Wednesday, May 19, 2010

Elvis Costello: I don't want to go Tel Aviv

Elvis Costello has decided that he won't play his Israel gigs after all:

It is after considerable contemplation that I have lately arrived at the decision that I must withdraw from the two performances scheduled in Israel on the 30th of June and the 1st of July.

One lives in hope that music is more than mere noise, filling up idle time, whether intending to elate or lament.

Then there are occasions when merely having your name added to a concert schedule may be interpreted as a political act that resonates more than anything that might be sung and it may be assumed that one has no mind for the suffering of the innocent.

I must believe that the audience for the coming concerts would have contained many people who question the policies of their government on settlement and deplore conditions that visit intimidation, humiliation or much worse on Palestinian civilians in the name of national security.

I am also keenly aware of the sensitivity of these themes in the wake of so many despicable acts of violence perpetrated in the name of liberation.

Some will regard all of this an unknowable without personal experience but if these subjects are actually too grave and complex to be addressed in a concert, then it is also quite impossible to simply look the other way.

I offer my sincere apologies for any disappointment to the advance ticket holders as well as to the organizers.

My thanks also go to the members of the Israeli media with whom I had most rewarding and illuminating conversations. They may regard these exchanges as a waste of their time but they were of great value and help to me in gaining an appreciation of the cultural scene.

I hope it is possible to understand that I am not taking this decision lightly or so I may stand beneath any banner, nor is it one in which I imagine myself to possess any unique or eternal truth.

It is a matter of instinct and conscience.

It has been necessary to dial out the falsehoods of propaganda, the double game and hysterical language of politics, the vanity and self-righteousness of public communiqués from cranks in order to eventually sift through my own conflicted thoughts.

I have come to the following conclusions.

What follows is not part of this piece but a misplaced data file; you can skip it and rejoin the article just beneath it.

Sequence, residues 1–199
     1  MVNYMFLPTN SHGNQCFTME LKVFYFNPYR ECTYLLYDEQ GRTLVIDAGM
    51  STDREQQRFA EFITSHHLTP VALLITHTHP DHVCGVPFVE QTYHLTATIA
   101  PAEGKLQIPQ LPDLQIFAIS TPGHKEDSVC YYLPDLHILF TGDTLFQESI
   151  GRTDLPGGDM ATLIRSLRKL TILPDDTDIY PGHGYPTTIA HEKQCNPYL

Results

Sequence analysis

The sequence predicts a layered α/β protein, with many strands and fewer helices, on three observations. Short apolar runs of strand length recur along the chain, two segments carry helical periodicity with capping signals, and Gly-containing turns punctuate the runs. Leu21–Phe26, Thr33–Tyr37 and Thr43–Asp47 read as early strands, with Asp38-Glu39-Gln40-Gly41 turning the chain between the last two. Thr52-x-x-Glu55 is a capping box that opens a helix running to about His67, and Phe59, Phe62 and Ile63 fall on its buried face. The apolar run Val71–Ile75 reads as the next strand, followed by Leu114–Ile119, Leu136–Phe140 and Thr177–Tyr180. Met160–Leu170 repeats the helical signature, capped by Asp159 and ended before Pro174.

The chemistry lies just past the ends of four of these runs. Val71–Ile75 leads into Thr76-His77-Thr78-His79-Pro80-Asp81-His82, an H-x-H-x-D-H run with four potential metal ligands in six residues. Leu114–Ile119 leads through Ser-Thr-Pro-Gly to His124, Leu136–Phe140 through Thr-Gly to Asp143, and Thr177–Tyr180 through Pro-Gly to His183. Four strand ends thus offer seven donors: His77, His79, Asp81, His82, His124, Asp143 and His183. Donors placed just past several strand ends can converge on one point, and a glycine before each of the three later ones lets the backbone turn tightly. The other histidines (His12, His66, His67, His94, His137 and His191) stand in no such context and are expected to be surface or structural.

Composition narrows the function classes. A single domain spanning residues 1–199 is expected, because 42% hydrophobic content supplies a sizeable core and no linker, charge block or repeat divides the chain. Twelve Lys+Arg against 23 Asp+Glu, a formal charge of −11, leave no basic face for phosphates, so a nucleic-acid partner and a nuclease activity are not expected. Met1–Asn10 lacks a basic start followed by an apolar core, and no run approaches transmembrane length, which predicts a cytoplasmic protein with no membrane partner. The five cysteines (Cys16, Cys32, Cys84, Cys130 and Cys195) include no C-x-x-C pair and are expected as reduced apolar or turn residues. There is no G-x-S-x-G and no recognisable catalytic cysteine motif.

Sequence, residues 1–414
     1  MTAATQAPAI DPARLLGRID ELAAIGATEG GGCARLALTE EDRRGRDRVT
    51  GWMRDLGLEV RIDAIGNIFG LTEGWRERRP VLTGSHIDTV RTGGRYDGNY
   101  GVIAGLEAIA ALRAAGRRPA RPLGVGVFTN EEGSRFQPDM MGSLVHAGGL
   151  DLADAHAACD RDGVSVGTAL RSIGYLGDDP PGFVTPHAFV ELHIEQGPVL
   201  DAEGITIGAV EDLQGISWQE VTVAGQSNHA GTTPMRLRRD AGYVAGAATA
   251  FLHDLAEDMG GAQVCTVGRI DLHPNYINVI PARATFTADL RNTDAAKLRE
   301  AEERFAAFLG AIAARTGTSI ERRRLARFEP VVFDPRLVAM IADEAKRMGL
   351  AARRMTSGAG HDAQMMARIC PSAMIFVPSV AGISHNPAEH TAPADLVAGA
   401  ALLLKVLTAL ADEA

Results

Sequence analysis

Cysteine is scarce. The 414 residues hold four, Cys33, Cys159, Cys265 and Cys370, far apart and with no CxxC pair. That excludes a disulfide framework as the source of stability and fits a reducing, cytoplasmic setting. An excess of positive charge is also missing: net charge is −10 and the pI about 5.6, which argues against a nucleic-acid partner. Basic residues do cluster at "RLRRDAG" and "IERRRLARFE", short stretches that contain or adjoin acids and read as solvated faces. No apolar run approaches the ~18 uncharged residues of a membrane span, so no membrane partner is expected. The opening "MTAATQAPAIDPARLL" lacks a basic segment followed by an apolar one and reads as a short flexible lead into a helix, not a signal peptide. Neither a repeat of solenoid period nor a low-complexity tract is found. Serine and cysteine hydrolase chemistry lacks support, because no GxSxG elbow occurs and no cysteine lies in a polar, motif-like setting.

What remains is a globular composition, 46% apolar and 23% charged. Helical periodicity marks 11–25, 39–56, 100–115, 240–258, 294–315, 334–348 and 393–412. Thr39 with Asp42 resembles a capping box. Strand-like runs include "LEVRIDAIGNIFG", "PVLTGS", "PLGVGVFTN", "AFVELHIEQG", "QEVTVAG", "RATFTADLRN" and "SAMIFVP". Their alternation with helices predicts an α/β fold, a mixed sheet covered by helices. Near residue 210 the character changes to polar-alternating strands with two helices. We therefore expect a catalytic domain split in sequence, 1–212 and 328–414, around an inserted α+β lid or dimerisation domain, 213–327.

One must at least consider any rational argument that comes before the appeal of more desperate means.

Sometimes a silence in music is better than adding to the static and so an end to it.

I cannot imagine receiving another invitation to perform in Israel, which is a matter of regret but I can imagine a better time when I would not be writing this.

With the hope for peace and understanding.

James M raises two cheers:
Having committed some crass errors in recent years (appearing in a car ad on US TV, signing up to an exclusive deal with a credit card firm for his US gigs --if you didn't have that card, you couldn't buy a ticket, etc.), it's time to commend Costello for his decision. However, some may ask what took him so long to reach his decision when Israeli policies & actions in the Palestinian Territories have long been reported, even in the US media.

Agreed. It's curious why he needed "contemplation" to come to this decision and couldn't have come to it before booking the gig and selling the tickets.

A generous view might be that Costello thought that simply avoiding playing Israel would gather no press, while booking the events and cancelling them would offer a platform for him to offer a view on the Middle East.

A cynic might just think he hoped he could get away with it, and only weaseled out when he found out it wouldn't fly.

Given that the first time I ever heard the word Palestine was in a Costello song, it seems unlikely that he simply hadn't realised there was a problem in advance.


No comments:

Post a Comment

As a general rule, posts will only be deleted if they reek of spam.

Post a Comment